Was a Google Dataset error responsible for ranking fluctuations?

Was a Google Dataset error responsible for ranking fluctuations?

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Last year (sounds strange writing that already) on the 20th December we blogged about a potential Google Penguin roll back. We had noticed some chatter on Twitter and the webmaster forums which Barry Schwartz highlighted from around the 15th December in the US.

Some site owners and SEO’s were reporting their organic rankings rolling back to as they were pre-penguin 4.0 roll out. 

Whenever we see this type of chatter we always keep and eye out for what it may bring in Google.co.uk result as the US usually sees this stuff just before we do.

Anyway in summary we suggested that this was probably a dataset issue and would resolve itself. The last time this happened which was around the 10th October saw very similar fluctuations

Was it a Penguin Roll Back?

As we suspected no it doesn’t look that way. Last week we started to notice results settling down, no additional link building, no on page changes they just fixed themselves.

So what is a dataset error and why does it cause my rankings to fluctuate so wildly?

Okay so first thing i’m going to say is this is purely my own personal thoughts and Google as far as I am aware have never said anything about dataset issues. But coming from a career originally in IT I am familiar with how databases and systems work especially when making updates to software.

So let my try and give you my understanding of Google dataset errors:

You have a server which has to communicate with many different workstations and devices on its network.

Quickly your server becomes overloaded so you need more servers, you upgrade from a single server to a cluster of servers also known as a datacenter. Your server is running great and your devices are able to GET all the data and information they need held on your servers (datacenter)

But one day you decide that your email software needs updating and there are some security patches that need to be installed, but before you can do this server #1 lets say fails, and the rest of the network is hit with a DDOS attack and your entire network goes down. All hard drives fail except one redundant NAS, data is corrupted from that day. Fortunately you’ve preempted this and have a cloud server backing everything up at 11:59pm the previous day.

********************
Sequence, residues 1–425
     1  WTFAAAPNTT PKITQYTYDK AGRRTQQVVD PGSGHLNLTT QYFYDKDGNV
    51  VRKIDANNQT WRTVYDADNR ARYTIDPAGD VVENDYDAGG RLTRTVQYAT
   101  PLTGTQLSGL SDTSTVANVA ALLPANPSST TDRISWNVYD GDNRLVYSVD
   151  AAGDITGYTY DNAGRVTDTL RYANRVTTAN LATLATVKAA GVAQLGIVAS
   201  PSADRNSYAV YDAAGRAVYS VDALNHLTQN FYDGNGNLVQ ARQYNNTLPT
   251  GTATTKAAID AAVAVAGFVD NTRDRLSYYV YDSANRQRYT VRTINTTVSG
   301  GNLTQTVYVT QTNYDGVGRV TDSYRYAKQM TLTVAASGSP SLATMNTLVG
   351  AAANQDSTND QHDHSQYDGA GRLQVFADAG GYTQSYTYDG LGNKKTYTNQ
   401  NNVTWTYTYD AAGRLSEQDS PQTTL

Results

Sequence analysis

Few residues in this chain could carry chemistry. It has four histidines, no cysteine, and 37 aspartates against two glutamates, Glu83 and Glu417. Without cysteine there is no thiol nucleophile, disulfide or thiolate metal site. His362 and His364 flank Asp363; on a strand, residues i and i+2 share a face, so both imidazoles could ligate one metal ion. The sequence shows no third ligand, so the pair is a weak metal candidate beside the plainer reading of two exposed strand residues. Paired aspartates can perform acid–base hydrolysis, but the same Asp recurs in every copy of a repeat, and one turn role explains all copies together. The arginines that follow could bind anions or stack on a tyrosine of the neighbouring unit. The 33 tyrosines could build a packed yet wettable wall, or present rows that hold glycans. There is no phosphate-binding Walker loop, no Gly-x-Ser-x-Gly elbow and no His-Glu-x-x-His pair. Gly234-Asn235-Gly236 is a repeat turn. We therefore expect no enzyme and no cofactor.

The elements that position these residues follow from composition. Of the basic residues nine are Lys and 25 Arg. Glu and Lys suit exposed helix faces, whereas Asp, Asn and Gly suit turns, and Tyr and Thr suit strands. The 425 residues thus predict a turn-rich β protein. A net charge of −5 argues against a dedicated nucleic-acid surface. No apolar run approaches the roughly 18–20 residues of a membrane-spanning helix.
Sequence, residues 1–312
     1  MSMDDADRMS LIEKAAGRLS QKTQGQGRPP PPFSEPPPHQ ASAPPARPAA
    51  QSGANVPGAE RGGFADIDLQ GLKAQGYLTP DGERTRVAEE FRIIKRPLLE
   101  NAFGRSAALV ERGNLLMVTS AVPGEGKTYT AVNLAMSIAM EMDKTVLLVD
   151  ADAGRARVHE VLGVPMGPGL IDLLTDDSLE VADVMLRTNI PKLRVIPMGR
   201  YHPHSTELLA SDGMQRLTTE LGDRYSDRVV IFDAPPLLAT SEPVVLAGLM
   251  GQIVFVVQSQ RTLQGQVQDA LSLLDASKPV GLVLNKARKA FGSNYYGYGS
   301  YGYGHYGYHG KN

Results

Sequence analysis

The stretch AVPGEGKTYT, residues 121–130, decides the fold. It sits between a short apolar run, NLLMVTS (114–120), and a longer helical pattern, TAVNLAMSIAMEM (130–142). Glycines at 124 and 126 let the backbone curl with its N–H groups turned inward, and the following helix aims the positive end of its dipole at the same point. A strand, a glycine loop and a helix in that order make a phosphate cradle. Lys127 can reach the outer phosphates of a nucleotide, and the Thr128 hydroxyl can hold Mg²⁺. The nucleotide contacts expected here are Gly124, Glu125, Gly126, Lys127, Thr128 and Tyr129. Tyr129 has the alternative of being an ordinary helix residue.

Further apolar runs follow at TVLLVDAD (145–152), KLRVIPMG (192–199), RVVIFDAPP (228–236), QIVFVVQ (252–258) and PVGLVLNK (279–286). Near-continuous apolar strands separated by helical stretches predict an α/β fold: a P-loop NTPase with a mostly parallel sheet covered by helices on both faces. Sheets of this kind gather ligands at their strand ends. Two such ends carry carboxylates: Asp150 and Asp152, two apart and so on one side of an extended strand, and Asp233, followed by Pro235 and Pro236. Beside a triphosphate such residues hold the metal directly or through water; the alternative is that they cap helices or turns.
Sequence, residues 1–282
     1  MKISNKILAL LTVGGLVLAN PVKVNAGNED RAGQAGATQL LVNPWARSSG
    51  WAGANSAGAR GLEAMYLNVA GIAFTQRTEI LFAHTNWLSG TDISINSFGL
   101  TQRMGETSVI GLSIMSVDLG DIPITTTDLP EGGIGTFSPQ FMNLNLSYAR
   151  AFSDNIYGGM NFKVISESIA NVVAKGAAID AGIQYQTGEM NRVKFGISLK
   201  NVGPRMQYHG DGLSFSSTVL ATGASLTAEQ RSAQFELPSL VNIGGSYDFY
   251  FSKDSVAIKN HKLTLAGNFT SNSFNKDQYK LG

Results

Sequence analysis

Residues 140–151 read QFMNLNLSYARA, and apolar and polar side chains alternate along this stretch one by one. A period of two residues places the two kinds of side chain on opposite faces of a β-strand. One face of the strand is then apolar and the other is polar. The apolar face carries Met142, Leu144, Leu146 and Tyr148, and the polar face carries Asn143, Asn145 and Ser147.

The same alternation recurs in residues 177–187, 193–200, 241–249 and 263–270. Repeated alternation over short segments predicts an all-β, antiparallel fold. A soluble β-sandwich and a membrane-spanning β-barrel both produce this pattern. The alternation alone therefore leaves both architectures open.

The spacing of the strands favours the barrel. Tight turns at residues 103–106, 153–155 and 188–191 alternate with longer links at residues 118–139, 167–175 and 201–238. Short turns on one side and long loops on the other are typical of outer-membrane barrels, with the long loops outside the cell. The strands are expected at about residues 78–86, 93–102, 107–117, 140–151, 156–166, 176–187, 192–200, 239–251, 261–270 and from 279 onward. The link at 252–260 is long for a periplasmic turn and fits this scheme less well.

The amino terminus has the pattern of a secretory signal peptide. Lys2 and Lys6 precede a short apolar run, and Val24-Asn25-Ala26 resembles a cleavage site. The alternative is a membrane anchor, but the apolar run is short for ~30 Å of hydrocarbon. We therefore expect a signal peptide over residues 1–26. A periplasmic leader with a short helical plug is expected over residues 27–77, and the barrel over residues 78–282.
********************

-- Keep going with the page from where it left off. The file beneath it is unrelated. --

Now you have to rebuild your network and get them back online so your business can operate.

Servers (datacenter) back up and running but Billy in human resources can’t find his emails from 7pm onwards. What happened to the data from after the last backup happened?

Well fortunately the cloud has everything backed up and it’s just a case of downloading the backup and migrating throughout your server network. The servers feed the desktop and mobile devices but there’s a lot of them so it takes a day or two.

This is a dataset error. Data missing from the last know update/backup.

Another simplified way to think of it is your PC dies and you have to system restore, the last data you had was from 2 weeks ago. You have to use the cloud or external drive back ups to roll back the last known data, but again it takes time to update (due to the size of the data payload)

Okay making sense so far?

Now lets take the first example of 1 datacentre and 7 servers to thousands and thousands of servers globally. This now takes it from a few terabytes of data on a small network to what is believed to be 320PB of data to handle the current amount of data stored on Google’s network.

What is a PB or Petabyte?

86MB * 4 (for profiles) * 1,000,000,000 = 320PB

To store all this data YouTube needs to have as of today at least 320PB of storage. From that we can estimate that they have roughly around 400PB in storage currently allocated for storing YouTube videos.

A petabyte (PB) is 1015 bytes of data, 1,000 terabytes (TB) or 1,000,000 gigabytes (GB).

DAMN! That blows your mind doesn’t it?

So next time we see dataset errors in Google’s data it could be something as simple as Google changing a font or colour on its search facility that means last known backed up data is shown until the most latest search algorithm data is transferred across.

This also explains why most of the time these dataset glitches only last for 2-3 weeks.

Google Algo updates we know happened around 15th December 2016

Google Holocaust update

For anyone who missed this, apparently it was reported that there was a problem with data for results being pulled for anyone search ‘did the holocaust happen?’. The answer apparently was no and in fact Hitler didn’t do any of these things according to the organic search results.

Thankfully common sense at Google HQ prevailed and this was updated in the search data to show the truth and history we all know.

Google mobile first algo update being tested

https://www.thewebmaster.com/seo/2016/nov/15/google-mobile-first-indexing-update/

 

Tom Peary is the director of SEO21 Ltd. Offering SEO, Website Design, Digital Marketing, Google Places Optimisation, Guest Blogging, Copywriting and Link Building Services.
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